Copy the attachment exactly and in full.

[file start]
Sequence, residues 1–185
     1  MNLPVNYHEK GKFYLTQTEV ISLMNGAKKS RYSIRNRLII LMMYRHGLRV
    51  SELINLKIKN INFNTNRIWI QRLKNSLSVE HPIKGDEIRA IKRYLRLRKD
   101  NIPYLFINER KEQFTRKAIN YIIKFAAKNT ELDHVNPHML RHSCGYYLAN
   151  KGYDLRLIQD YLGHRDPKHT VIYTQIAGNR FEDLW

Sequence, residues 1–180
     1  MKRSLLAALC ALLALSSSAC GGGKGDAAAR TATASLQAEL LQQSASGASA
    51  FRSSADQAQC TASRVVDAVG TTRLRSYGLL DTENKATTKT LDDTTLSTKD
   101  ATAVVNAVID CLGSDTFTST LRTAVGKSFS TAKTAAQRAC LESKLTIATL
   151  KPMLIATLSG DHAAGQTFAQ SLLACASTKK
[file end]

Sequence, residues 1–185
     1  MNLPVNYHEK GKFYLTQTEV ISLMNGAKKS RYSIRNRLII LMMYRHGLRV
    51  SELINLKIKN INFNTNRIWI QRLKNSLSVE HPIKGDEIRA IKRYLRLRKD
   101  NIPYLFINER KEQFTRKAIN YIIKFAAKNT ELDHVNPHML RHSCGYYLAN
   151  KGYDLRLIQD YLGHRDPKHT VIYTQIAGNR FEDLW

Sequence, residues 1–180
     1  MKRSLLAALC ALLALSSSAC GGGKGDAAAR TATASLQAEL LQQSASGASA
    51  FRSSADQAQC TASRVVDAVG TTRLRSYGLL DTENKATTKT LDDTTLSTKD
   101  ATAVVNAVID CLGSDTFTST LRTAVGKSFS TAKTAAQRAC LESKLTIATL
   151  KPMLIATLSG DHAAGQTFAQ SLLACASTKK